As many of you prepare for events like MIPCOM and AFM this fall, we've decided to dive into all things PITCH DECKS this week!
Are you struggling to find the right comps for your film? Here are 9 tips on choosing the right ones to BEST market your film!
1- Pick Films within the Last 5 Years
You want to pick films that are fresh and relevant today. Because the market is always changing, it's imperative that you compare your film to others in a similar landscape. With the pandemic, I do give this timeframe a two-year grace period if you are having trouble finding comps. Using a film that is 12 years old doesn't serve the purpose of proving that yours could be successful today.
2- Pick Films that are Familiar
The best comparable films are one's people recognize and immediately associate with "awareness" success.
3- But not Blockbusters
You want to shy away from comparing your film to blockbuster hits. It signals that you are being unrealistic by comparing your film to a unicorn success, studio backing or a film with many more resources and backing than your indie.
4- Stick with 5 Comps
More is not necessary and five gives you a good sampling of examples.
5- Use Films with Similar Budgets
When trying to show how your film can be lucrative using other films, budget is an important factor - so finding films close to your budget range is key. They don't have to be exact budget matches but they shouldn't be extremes. If your film is $750k, I'd first aim for up to $1.5M but it is usually safe to go up to $2.5M or $3M. If your film is $2.5M, you can go up to $5M-7M if needed (maybe even $10M). Use your judgement, but don't compare your $2M film to $25M films or higher and keep at least a couple close to your actual budget.
6- Know the Difference between Financial vs. Tonal Comps
Financial comps are used to show similar films that performed financially well when pitching your film to investors. In order to be the most accurate, films should have a similar budget to project a realistic potential ROI. Comparing your $1M indie romance to the Titanic, for example, is not realistic as clearly the budgets alone provide for completely different production quality, stars, and value.
On the flip side, often in decks, filmmakers will choose to use other films simply to demonstrate the tone of the film. These are tonal comps. In this case, the budget is less important than picking two or three known films that each showcase different aspects of the tone represented in your film.
7- Don't Stress about Finding Exact Story Comps
Many filmmakers I work with think they need an exact comp for their film. Instead of trying to find a comp that is in line with your story on all levels, look at the aspects of your film that may be able to be demonstrated separately through comps. For example, we had an American football film about young orphans that had faith elements, so our comps included football films, some kids sports films, some faith-based films, etc. If I was pulling comps for Thelma and Louise, I would look for films perhaps around sisterhood or friendship, female empowerment, road trips, female led adventures, etc.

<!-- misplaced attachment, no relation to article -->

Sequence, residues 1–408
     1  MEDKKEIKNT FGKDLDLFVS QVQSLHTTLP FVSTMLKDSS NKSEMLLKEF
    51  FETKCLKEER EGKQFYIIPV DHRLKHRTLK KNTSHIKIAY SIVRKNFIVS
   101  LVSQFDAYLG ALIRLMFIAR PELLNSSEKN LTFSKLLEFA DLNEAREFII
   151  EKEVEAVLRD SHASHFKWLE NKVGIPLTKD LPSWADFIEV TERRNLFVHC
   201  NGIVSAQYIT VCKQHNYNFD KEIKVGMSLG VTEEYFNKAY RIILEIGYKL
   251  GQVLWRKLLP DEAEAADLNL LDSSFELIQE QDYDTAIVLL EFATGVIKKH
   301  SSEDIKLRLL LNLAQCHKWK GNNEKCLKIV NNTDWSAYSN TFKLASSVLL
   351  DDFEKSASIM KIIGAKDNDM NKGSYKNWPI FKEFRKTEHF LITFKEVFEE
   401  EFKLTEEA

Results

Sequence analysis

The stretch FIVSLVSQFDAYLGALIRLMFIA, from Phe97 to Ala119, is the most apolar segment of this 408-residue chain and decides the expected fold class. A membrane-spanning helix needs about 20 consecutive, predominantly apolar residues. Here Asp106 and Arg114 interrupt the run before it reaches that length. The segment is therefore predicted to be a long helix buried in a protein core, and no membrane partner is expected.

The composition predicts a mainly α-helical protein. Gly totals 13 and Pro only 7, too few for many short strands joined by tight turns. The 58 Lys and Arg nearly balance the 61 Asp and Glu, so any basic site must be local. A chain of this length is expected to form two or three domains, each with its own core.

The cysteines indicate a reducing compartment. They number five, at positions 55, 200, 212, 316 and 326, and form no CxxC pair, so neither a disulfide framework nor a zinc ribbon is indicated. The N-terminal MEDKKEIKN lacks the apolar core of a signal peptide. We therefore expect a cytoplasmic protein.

8-You Don't Need Financial Comps for TV
If you are pitching a TV series, you are pitching it to the team who will ultimately decide what the budget is. They finance it based on their resources, so you do not need to include financial comps (not to mention you will have a hard time finding them). Use a few tonal comps and you are off!
9- Do a Professional Search
We love the team at The Numbers! Not only can you search their site for FREE to help you find comps for your film using key word searches, genre and budget, but you can also order detailed comps. Detailed comps give you a breakdown of not just Box Office numbers but other revenue like TV, Streaming, Digital, and more that calculate the ROI, P&A spend, etc. These are very helpful to not only provide numbers-oriented investors more precise information, but it also gives you more clarity on whether films were indeed financially lucrative (behind the scenes) and where that money actually came from to help you make smarter more informed decisions in development to set your film up for success. Usually, you have to purchase a minimum of 20 films, but if you tell them Sara Elizabeth sent you, they'll allow you to purchase as little as 10 films saving you 50% of the usual minimum price.
Happy comp searching!
Are you feeling overwhelmed trying to craft a compelling pitch deck that'll attract investors for your film project? Our Pitch Deck Content & Design Package is designed to be your compass through the intricacies of investor pitches from the content to the design. Sara Elizabeth will help you with the content of the deck while Laura Cassidy will professionally design your deck! You'll finish this package with a beautiful pitch deck that'll impress potential investors and executives!